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You work like a dog for the organization every day. You stay up at night trying to keep pace with the constantly changing rules and regulations of employment law. You’re even called to put your own career on the line when the organization is hauled into court. Why is that?
If you’re ever hauled into court to testify in a lawsuit against your organization, what you say, and how you say it, can sink your defense—or help you win. Here are the 10 weaknesses you must be prepared to defend:
Regular attendance is obviously a key job function for most of your employees. But despite your freedom to set and enforce attendance rules, you also face key legal hurdles to your attendance policy, including complying with the FMLA and ADA. Manage absenteeism by establishing a reasonable and specific attendance policy that incorporates your organization’s needs and the functional requirements of various work areas and employee functions. A sound attendance policy should cover all of the following:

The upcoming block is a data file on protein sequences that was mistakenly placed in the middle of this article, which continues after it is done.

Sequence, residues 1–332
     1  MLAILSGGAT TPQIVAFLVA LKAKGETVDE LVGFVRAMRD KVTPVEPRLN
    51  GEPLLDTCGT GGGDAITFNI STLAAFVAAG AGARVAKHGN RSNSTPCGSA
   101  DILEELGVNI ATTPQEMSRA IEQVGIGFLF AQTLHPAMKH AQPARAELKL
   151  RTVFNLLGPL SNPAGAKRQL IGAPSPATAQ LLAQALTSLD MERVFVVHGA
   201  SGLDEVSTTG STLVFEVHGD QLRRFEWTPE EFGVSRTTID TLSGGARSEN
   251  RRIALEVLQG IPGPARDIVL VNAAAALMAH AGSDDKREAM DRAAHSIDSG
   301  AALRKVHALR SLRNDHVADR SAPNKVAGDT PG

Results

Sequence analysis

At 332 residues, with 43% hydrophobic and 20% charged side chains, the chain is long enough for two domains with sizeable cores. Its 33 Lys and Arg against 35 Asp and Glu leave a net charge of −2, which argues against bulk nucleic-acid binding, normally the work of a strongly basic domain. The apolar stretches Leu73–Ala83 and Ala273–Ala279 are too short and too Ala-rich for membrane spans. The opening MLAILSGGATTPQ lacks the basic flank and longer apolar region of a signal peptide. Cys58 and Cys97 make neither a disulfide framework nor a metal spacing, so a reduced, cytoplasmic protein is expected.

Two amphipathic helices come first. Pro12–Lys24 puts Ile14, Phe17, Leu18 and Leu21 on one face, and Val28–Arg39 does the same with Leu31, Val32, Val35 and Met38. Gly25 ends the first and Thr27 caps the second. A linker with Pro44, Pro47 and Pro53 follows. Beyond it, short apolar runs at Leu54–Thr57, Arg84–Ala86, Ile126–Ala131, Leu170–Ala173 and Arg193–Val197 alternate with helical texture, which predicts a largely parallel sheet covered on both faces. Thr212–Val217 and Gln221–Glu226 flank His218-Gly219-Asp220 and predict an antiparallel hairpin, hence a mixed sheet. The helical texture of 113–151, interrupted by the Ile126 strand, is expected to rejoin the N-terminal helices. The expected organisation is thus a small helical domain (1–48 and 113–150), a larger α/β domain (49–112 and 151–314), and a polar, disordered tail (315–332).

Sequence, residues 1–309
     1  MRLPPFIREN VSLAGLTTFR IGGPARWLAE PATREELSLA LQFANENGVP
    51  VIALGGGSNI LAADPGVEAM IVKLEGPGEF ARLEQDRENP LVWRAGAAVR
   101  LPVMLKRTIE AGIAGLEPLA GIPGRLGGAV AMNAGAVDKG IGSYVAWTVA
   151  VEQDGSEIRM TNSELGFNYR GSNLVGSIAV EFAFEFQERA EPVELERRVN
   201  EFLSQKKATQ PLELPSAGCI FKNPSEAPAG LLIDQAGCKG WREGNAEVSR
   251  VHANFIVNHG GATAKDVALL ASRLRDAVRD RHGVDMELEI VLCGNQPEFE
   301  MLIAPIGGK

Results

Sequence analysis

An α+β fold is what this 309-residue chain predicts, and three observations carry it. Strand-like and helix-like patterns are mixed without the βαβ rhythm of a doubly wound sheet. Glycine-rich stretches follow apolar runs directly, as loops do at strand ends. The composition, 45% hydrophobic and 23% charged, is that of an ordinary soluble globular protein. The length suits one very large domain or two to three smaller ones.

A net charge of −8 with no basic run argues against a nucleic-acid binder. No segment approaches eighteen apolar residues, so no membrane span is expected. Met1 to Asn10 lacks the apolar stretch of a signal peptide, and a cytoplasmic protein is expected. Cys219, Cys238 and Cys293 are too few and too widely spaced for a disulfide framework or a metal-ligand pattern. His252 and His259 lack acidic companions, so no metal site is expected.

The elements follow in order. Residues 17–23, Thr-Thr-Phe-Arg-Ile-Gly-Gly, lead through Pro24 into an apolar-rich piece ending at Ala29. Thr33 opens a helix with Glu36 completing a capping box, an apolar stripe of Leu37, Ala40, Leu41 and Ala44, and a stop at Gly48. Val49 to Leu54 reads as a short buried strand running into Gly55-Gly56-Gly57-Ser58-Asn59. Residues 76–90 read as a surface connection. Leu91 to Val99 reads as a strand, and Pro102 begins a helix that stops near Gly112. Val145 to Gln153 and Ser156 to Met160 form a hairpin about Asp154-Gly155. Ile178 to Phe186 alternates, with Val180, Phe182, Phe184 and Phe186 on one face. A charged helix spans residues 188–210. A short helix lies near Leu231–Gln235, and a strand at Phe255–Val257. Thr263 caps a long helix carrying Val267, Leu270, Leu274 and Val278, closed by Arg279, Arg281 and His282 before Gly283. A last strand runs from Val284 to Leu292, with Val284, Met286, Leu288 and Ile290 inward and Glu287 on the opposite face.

Some employers ban discussion of religion at work, believing that talking about faith might constitute harassment or coercion of workers who aren’t members of a majority religious group. But such a prohibition can cause more problems than it solves.
More than a decade after creating their first sexual harassment policies, some employers may be getting lax. That might be especially true if they haven’t received any complaints. If that rosy scenario sounds like your organization, you might be courting trouble.
This may be tough to accept, but sometimes when an employee sues, you just have to be patient. It’s especially difficult if you know that the employee isn’t telling the truth. The judge hearing the case will probably see through bogus claims.
Q. Our company is considering anti-harassment training for all employees. Some managers and executive are concerned that this will stir up lawsuits. Do you recommend such training?
While many district courts have found that commuting to work falls outside of the realm of an employer’s obligation to provide reasonable accommodations for disabled employees, some courts have opted to expand upon the ADA by ruling otherwise.
Protect your organization from harassment lawsuits by focusing your attention on both preventive and corrective measures. Give every employee a copy of your anti-harassment policy. Train everyone to ensure they understand their rights and responsibilities.